Late September evenings are a rich mixture of burnt skies, crispy leaves, and the aroma of those few chimneys still in use. It’s a beautiful time for a ride, even if cold tarmac and road debris plays on the mind. Especially as a new rider.
The A606 is a smooth road, though, and with plenty of visibility. There’s really no excuse to not overtake this lorry then. Drop a couple cogs and that engine lights up, my arms tense and I lean into a healthy portion of what four carbs can supply. Bloody hell. Watch your line on the way in. An all too brief, sharp accelerative wail shifts – gradually now – into a naughty popping and warbling of the exhaust on the overrun. Breathe.
Carry on. Into sixth. Nice modern feature that, it is a modern bike after all, even if from the 80s. GPZ900R sits proudly on the side, neatly set next to my boots. Now sat behind a car keeping a tolerable pace. Barely a flicker in my mirror and another bike zips into the space between us. Woah, okay mate. And then off again, like a sugar frenzied wasp.
I almost apologize to the bike, knowing that we could be right there with him if not for me. Ooh, a hill climb. And a lorry. Yes, a good thing. I line up the car and lorry up together and, third gear, 6k, open the taps. Letting out a herculean, vicious scream, the 16 valve monster sitting beneath me hurtles itself towards an 11k top end. I haven’t even looked at the speed. I think I’ve even overshot my place back on the left.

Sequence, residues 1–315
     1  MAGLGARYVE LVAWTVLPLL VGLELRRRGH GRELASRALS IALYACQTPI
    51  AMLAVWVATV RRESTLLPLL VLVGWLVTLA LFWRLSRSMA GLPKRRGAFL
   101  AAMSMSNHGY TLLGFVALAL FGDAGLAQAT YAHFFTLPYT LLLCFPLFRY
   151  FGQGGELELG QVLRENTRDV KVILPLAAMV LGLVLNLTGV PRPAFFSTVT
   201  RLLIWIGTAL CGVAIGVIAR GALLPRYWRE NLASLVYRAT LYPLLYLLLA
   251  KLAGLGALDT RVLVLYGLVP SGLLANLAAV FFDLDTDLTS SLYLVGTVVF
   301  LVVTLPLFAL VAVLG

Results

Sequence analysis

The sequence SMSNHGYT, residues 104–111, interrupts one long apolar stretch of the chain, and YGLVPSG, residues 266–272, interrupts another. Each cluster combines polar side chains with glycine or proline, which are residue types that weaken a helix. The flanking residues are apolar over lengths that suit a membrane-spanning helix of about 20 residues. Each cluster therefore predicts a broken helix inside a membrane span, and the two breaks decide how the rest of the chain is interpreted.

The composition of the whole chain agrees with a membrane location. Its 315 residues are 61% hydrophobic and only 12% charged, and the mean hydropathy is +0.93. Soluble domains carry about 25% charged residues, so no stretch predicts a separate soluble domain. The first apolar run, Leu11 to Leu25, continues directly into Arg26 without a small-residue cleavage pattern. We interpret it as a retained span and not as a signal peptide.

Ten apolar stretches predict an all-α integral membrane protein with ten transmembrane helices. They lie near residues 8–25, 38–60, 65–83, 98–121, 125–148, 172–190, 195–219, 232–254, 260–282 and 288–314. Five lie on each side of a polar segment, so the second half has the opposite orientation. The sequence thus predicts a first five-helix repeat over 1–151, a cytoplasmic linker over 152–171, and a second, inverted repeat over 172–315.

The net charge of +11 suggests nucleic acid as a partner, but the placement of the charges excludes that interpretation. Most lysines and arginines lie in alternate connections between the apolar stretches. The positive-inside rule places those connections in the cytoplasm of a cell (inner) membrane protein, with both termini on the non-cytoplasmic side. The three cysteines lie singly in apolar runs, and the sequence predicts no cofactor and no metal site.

We take a step back, with fourth gear and a calm, rhythmic leaning to and fro up this windy hill, simply enjoying the feel of shifting weight and tuneful fizzing of its 4 cylinders toying with different revs. Feed it in, ease it off. That’s the key. Plan your lines, think about your braking, time the power, time it all.
We turn into a Rutland water parking spot just as the September sun is casting a lustrous pink over the glossy surface. The bike throbs at its lower reaches and glides over the masses of crimson, sienna, leaves in every red and brown you can imagine. Parked up, I take the photo that’ll remind me of this ride. It’s all about timing. Minutes later the sun dips further and the scene is gone.